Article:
Yugoslavia’s irreversible unraveling was brought about by a similar deadly concoction of ideologies. While it has largely purged itself of such elements, Croatia’s center-right, Christian conservative HDZ party under President Franjo Tudjman once regularly flirted with neo-fascist rhetoric, publicly rehabilitated Croatian “Ustaši” fascists from the Second World War, courted and gained support from extreme conservative factions of Croatian Catholic Church and undertook measures to historically, culturally and linguistically distance itself from all things Yugoslav and Serb. Similar to the current Ukrainian nationalist debate, Croatia defined itself not as an Eastern European nation, but rather as a member of a Catholic Central Europe and a bulwark against a dysfunctional Balkan East. Croatia’s nationalist project, as Gellner presciently noted in his seminal Nations and Nationalism, instrumentalized its past to construct a new independent, post-Yugoslav identity based on perceived past injustices executed by larger regional players—Austro-Hungary, Italy and Soviet-supported, “Serb-dominated” Yugoslavia.

In turn, the rise of Croatian fascist expression in the late 1980s coincided and further inflamed nascent Serb nationalist expression, often expressed in terms of victimization by some predominant “other”–whether the Slovene-Croat Tito, Muslim Bosnians, Muslim Albanians, or Catholic Croats. Oddly similar to the Croat Tudjman, Slobodan Milošević, also with support from the church, manipulated historical myths and deep-seated fears so as to solidify his base. As the wave of the first multi-party elections and declarations of independence engulfed Yugoslavia in the spring and summer of 1991, nationalist Serbs, like their Russian counterparts today, called for the robust protection of their co-ethnic minorities living outside Serbia’s borders under potentially hostile regimes, where ethnic, cultural, religious, and linguistic rights would not be constitutionally bound, much less upheld. Hence, armed ethnic Serb separatists in parts of Croatia’s eastern Slavonia, with the aid of paramilitary groups from Serbia proper, justified their actions in the name of both real and perceived threats on the part of Croats. Both nationalisms fed off one another, polarized two otherwise (with the exception of religion) nearly identical peoples and plummeted a country into fratricidal conflict. Indeed, the similarities with Ukraine are striking.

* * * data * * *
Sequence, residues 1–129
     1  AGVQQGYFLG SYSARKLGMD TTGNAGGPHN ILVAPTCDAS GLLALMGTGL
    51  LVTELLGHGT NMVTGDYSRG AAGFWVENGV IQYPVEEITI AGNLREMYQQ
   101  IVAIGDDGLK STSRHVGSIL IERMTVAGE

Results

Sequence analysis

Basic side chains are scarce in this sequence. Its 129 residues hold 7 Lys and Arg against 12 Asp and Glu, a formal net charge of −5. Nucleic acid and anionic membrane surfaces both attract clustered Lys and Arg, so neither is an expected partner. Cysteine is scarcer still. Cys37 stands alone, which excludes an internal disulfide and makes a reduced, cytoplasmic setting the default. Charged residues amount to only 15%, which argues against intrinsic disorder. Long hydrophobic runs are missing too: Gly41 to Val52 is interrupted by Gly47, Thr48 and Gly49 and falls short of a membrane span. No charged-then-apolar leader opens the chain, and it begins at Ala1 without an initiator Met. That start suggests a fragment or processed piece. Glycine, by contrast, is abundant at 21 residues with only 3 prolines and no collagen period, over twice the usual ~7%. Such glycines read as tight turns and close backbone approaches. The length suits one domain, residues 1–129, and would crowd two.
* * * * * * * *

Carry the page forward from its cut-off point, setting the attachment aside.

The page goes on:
The Serbian Dilemma: Europe, Russia, or Both?

The most marked characteristic of Serbia’s foreign policy posture of the past decade has been its tightrope walk between Brussels and Moscow. Throughout the 1990s, the United States and its European allies had instituted a robust sanctions regime against Serbia, ranging from travel bans to crippling economic, financial, and trade sanctions, all of which propelled the country into economic free fall and black marketeering. With few exceptions, Russia, in its own attempts to stay an active player in European affairs, actively criticized sanctions against its embattled Slavic brother at the United Nations and other international bodies. Moreover, Moscow vehemently opposed NATO’s intervention in Kosovo as a dangerous precedent for violated state sovereignty based on humanitarian concerns. Russia’s diplomatic support later opened up greater business access to the Serbian market.